A TD has demanded that the €2,000 ex-gratia payment to over 159 women affected by the CervicalCheck controversy be paid immediately.
The call came after campaigner Stephen Teap told the Oireachtas health committee that despite recent promises from Taoiseach Leo Varadkar, the payment has not been made.
Fianna Fáil health spokesman Stephen Donnelly has called for action on the payment in the next 24 hours.
Commenting as the health committee met to discuss the Royal College of Obstetricians and Gynaecologists (RCOG) CervicalCheck review, Mr Donnelly said: “This payment was announced a week ago in response to the finding of the RCOG review, which found that opportunities had been missed to prevent or diagnose cancer earlier in 159 women.
“The Minister for Health then promised that the HSE would write to the women ‘shortly’ confirming the payment. The minister needs to answer what he meant when he said ‘shortly’.
“In the grand scheme of the HSE black-hole budget, this is not a large amount of money — but to each of the women affected, it is. Many of them incurred costs of additional private tests and this is a small effort to try and offset some of the costs.
It can’t wait, and the women shouldn’t be made wait. I am calling on Minister Harris to take action immediately and get that payment to the women.
Mr Teap told the committee that a cancer diagnosis puts huge financial strain on families and that Dr Gabriel Scally, who carried out the scoping inquiry into CervicalCheck had recommended that each woman impacted by the scandal be granted payment.
He also called for funding to be put in place to allow for independent reviews into cervical screening results.
A spokesperson for the Department of Health said: "Minister Harris has confirmed the payment will be made. He made that clear in correspondence to Mr Teap earlier this week."
Meanwhile, a cervical cancer survivor said that the Department of Health “threatened” and “bullied” her after she asked “hard questions” about catastrophic failings in the cervical cancer screening process.
CervicalCheck campaigner Lorraine Walsh said that her concerns over a review of smear slides were ignored which compelled her to resign from the steering committee set up to oversee changes in CervicalCheck earlier this month.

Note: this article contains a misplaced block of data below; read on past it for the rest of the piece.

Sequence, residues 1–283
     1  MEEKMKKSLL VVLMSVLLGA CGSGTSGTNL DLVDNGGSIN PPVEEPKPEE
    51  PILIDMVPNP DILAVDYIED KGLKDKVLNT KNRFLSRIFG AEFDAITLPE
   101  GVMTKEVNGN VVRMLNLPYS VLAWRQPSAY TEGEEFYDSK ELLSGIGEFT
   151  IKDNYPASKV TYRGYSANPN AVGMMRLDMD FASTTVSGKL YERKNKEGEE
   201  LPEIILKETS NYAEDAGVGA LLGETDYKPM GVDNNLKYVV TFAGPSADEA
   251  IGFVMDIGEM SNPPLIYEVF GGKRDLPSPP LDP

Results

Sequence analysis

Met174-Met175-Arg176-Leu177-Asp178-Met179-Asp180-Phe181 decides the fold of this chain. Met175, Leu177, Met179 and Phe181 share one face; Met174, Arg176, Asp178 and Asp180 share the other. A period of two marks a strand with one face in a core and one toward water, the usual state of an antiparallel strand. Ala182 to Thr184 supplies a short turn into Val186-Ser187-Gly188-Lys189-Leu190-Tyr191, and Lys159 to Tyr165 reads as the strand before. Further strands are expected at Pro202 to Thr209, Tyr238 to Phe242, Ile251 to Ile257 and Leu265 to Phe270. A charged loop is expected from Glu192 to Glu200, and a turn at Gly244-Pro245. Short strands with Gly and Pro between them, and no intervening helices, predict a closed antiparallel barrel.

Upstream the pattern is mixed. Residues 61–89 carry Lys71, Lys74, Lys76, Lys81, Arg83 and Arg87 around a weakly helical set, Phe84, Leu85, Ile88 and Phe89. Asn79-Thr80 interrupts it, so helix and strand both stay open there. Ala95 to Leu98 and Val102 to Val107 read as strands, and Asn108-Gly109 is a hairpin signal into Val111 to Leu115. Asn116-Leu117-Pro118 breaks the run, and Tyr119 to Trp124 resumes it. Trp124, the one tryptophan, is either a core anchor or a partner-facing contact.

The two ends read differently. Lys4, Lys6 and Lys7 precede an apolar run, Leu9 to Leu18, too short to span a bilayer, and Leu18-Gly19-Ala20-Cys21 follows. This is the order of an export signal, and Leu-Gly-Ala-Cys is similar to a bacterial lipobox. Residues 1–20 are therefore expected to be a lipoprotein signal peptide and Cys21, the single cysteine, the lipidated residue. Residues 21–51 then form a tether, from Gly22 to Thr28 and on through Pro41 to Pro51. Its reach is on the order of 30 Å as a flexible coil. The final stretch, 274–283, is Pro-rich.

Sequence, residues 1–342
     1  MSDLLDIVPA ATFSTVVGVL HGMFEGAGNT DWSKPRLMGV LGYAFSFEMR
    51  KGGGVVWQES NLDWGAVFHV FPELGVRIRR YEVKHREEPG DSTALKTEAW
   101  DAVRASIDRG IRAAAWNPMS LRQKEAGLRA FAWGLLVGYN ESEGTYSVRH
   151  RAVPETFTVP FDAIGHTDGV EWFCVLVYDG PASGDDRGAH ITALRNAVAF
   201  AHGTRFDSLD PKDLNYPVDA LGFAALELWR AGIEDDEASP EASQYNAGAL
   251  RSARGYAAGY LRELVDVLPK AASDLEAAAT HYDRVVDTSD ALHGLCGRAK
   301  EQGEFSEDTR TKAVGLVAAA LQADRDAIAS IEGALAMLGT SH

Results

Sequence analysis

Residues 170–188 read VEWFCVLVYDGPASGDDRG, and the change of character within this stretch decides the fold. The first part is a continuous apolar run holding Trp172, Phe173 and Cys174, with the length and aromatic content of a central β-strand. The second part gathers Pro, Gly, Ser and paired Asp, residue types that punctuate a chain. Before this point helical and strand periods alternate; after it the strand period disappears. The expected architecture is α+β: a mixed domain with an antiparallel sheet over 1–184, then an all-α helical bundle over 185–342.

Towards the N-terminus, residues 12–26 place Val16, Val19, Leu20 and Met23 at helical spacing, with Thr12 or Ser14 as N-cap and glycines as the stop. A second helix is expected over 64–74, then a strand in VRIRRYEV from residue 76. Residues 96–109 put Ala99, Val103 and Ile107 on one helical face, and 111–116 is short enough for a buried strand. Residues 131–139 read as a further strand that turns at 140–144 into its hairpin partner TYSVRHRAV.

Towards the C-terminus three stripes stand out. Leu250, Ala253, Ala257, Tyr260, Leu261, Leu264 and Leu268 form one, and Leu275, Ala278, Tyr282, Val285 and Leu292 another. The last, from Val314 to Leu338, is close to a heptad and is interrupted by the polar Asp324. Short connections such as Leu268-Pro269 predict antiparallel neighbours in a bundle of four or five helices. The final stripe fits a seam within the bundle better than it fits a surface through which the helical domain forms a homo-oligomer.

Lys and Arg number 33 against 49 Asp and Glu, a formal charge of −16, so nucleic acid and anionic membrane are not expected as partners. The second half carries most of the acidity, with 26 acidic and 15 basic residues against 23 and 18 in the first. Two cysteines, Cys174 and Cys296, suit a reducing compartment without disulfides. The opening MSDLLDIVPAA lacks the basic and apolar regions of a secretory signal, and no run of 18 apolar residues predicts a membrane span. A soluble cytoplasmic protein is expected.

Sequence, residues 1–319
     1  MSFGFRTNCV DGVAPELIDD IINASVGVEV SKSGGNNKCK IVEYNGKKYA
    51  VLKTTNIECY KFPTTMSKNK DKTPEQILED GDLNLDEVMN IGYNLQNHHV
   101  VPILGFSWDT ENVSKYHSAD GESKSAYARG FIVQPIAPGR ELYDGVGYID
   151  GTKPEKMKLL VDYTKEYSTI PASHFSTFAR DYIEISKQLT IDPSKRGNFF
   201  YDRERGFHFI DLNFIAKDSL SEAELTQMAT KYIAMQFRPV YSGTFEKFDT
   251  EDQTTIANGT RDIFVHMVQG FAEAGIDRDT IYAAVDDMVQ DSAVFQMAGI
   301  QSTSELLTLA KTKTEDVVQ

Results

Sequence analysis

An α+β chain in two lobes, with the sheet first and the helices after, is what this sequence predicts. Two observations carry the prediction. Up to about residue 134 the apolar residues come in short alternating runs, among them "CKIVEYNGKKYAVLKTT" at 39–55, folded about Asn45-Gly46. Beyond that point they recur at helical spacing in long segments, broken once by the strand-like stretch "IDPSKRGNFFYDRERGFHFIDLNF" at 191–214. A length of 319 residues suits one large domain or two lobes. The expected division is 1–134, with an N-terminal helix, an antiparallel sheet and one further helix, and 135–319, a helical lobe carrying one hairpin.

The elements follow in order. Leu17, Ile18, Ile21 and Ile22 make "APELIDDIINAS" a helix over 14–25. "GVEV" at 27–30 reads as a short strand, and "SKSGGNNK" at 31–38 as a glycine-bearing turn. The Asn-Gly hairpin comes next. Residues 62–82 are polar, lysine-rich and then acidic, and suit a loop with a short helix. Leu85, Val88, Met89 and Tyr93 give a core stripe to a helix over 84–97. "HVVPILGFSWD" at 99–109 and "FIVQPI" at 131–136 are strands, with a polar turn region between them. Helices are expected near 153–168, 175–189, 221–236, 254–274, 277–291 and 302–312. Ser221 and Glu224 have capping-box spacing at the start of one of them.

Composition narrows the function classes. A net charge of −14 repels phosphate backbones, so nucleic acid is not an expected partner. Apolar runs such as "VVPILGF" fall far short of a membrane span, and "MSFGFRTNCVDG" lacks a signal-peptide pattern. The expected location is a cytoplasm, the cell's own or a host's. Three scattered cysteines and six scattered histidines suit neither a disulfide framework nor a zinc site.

Speaking at the Oireachtas Health Committee, Ms Walsh said: “People often forget what is said, but you don’t forget how you are treated; eventually I had enough of being treated like I was not worthy and did not matter so I removed myself, my resilience could no longer sustain the pressure.
“A culmination of feeling irrelevant, the inaccuracies in the RCOG reports I was aware of from HSE, women contacting me directly regarding inaccuracies, and the amount of time I felt I was wasting not being listened to forced me to resign, an act I did not take lightly but had to for my conscience.”
The UK’s Royal College of Obstetricians and Gynaecologists (RCOG) published its review findings earlier this month into this country’s CervicalCheck controversy.
The RCOG review found 159 “missed opportunities” to prevent or diagnose cancer. These included 12 women who died in circumstances where there was a missed opportunity to prevent or diagnose their cancer at an earlier stage.
It was also discovered that some of the women’s slides were returned to RCOG following a number of discrepancies.
Ms Walsh told the Health Committee that her own experience has not been positive or reassuring in seeking the truth in relation to RCOG.
She told the committee that on October 2 she was contacted by the HSE and told that, following the return of the slides from RCOG to the labs, the lab had identified a mislabelling issue with three women’s slides —the labels had been removed and replaced on the incorrect slides.
She said: “Two of the three women involved with this mislabelling were (campaigner) Vicky Phelan and I.
“On October 3, I attended a CervicalCheck steering committee in the Department of Health where I voiced my concerns in relation to verification of reports and their quality assurance process involved in the checking of reports before releasing,” she said.
Meanwhile, women were feeding back to me that the reports they were receiving still contained inaccurate information.
“I was placated and informed there was no need for any concern and also informed they did not like my tone. I knew what that meant, so I retreated to a position of silence.
“I became the victim of my own concerns, I voiced my concerns to the most senior people in our health system but it would seem that women are still not being listened to."